A dog is looking for a good place to bury his bone. Can you work
out where he started and ended in each case? What possible routes
could he have taken?
This task, written for the National Young Mathematicians' Award 2016, involves open-topped boxes made with interlocking cubes. Explore the number of units of paint that are needed to cover the boxes. . . .
Imagine a pyramid which is built in square layers of small cubes. If we number the cubes from the top, starting with 1, can you picture which cubes are directly below this first cube?
In a square in which the houses are evenly spaced, numbers 3 and 10
are opposite each other. What is the smallest and what is the
largest possible number of houses in the square?
Can you see why 2 by 2 could be 5? Can you predict what 2 by 10
This article for teachers describes how modelling number properties
involving multiplication using an array of objects not only allows
children to represent their thinking with concrete materials,. . . .
Building up a simple Celtic knot. Try the interactivity or download
the cards or have a go on squared paper.
Hover your mouse over the counters to see which ones will be
removed. Click to remover them. The winner is the last one to
remove a counter. How you can make sure you win?
How can you arrange the 5 cubes so that you need the smallest number of Brush Loads of paint to cover them? Try with other numbers of cubes as well.
A tetromino is made up of four squares joined edge to edge. Can
this tetromino, together with 15 copies of itself, be used to cover
an eight by eight chessboard?
What is the smallest cuboid that you can put in this box so that
you cannot fit another that's the same into it?
Can you shunt the trucks so that the Cattle truck and the Sheep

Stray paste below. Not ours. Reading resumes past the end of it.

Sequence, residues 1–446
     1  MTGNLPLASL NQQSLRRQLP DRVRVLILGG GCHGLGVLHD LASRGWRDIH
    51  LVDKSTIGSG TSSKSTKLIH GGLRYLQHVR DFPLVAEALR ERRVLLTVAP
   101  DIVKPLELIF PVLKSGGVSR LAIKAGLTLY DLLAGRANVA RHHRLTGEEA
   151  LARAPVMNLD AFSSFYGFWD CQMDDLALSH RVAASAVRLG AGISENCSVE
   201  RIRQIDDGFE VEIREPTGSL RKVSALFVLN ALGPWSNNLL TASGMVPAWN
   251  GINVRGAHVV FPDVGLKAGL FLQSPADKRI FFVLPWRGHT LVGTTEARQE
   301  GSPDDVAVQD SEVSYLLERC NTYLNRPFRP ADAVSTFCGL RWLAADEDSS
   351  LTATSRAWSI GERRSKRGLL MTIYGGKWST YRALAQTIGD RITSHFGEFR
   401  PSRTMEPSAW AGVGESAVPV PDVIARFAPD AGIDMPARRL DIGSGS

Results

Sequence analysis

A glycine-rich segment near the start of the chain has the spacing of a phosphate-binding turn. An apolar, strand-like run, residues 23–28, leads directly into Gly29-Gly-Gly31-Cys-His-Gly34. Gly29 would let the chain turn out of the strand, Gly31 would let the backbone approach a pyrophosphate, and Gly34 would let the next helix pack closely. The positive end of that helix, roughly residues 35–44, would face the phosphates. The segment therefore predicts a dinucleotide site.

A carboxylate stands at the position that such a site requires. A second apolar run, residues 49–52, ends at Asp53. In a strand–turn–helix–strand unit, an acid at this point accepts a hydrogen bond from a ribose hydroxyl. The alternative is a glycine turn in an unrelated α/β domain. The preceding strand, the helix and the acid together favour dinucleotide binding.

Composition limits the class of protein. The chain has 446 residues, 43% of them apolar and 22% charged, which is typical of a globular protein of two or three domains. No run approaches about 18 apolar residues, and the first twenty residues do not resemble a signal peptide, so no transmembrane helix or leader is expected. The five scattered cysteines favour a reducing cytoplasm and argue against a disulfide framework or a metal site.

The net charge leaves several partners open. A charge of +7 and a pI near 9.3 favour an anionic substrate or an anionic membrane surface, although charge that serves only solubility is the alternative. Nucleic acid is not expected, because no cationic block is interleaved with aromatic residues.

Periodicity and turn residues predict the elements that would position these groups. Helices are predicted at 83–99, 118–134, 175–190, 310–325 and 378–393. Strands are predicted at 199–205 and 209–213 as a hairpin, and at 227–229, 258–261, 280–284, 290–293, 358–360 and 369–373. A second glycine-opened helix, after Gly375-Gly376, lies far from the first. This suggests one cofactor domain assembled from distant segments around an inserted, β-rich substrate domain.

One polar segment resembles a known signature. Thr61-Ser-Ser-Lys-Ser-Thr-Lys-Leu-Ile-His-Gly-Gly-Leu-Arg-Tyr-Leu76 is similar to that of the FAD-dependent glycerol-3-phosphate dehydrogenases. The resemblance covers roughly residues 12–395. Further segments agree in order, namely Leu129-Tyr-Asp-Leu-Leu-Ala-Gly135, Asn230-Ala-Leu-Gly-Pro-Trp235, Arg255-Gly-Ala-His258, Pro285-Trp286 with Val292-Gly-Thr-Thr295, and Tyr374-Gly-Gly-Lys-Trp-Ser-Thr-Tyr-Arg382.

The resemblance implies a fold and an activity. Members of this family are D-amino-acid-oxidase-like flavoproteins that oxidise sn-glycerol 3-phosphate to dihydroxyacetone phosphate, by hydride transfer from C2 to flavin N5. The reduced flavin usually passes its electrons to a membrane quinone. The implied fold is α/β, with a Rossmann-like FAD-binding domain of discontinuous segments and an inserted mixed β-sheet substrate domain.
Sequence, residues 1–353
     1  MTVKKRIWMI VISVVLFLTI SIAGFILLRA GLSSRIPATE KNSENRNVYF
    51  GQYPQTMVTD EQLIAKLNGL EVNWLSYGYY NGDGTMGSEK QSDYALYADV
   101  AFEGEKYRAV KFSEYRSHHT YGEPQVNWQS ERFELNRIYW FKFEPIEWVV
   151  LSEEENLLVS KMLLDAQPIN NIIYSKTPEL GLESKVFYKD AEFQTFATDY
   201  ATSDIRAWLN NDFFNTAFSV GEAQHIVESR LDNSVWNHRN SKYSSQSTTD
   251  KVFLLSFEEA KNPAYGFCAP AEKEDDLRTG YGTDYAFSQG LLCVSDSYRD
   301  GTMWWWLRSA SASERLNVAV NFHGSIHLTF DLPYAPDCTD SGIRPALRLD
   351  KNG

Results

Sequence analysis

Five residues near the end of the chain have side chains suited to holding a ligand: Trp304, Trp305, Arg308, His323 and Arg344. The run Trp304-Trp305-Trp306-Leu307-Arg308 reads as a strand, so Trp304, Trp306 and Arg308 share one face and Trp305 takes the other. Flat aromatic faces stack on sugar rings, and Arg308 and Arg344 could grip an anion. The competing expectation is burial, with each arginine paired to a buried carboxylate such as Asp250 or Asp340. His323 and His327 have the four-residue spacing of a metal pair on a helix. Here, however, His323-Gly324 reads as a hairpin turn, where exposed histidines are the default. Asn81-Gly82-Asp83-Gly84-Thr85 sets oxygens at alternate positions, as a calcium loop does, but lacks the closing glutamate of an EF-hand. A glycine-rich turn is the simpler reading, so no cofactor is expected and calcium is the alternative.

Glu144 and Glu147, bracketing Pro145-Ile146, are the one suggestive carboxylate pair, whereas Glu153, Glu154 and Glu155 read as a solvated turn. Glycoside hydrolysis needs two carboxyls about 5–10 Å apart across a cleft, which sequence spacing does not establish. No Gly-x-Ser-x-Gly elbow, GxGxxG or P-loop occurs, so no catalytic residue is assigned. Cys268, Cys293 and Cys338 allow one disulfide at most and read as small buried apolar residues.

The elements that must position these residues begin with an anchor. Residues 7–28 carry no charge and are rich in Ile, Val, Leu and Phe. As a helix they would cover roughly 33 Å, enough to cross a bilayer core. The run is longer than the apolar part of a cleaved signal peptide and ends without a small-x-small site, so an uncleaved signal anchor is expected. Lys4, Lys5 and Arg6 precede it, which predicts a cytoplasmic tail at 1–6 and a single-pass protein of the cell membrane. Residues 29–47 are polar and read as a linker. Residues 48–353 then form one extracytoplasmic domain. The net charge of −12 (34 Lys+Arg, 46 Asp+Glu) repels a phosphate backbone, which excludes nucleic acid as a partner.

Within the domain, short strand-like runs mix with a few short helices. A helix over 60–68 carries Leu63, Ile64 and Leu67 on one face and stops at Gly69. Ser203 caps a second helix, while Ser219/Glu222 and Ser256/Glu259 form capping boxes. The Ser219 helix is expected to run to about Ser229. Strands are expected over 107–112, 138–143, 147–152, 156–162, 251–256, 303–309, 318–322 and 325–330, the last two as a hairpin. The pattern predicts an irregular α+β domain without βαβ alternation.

truck change places and the Engine is back on the main line?
10 space travellers are waiting to board their spaceships. There
are two rows of seats in the waiting room. Using the rules, where
are they all sitting? Can you find all the possible ways?
Can you make a 3x3 cube with these shapes made from small cubes?
Take a rectangle of paper and fold it in half, and half again, to
make four smaller rectangles. How many different ways can you fold
Here you see the front and back views of a dodecahedron. Each
vertex has been numbered so that the numbers around each pentagonal
face add up to 65. Can you find all the missing numbers?
Imagine a wheel with different markings painted on it at regular
intervals. Can you predict the colour of the 18th mark? The 100th
How many DIFFERENT quadrilaterals can be made by joining the dots
on the 8-point circle?
Swap the stars with the moons, using only knights' moves (as on a
chess board). What is the smallest number of moves possible?
A magician took a suit of thirteen cards and held them in his hand
face down. Every card he revealed had the same value as the one he
had just finished spelling. How did this work?
In how many ways can you fit two of these yellow triangles
together? Can you predict the number of ways two blue triangles can
be fitted together?
What is the best way to shunt these carriages so that each train
can continue its journey?
This 100 square jigsaw is written in code. It starts with 1 and ends with 100. Can you build it up?
What is the greatest number of counters you can place on the grid below without four of them lying at the corners of a square?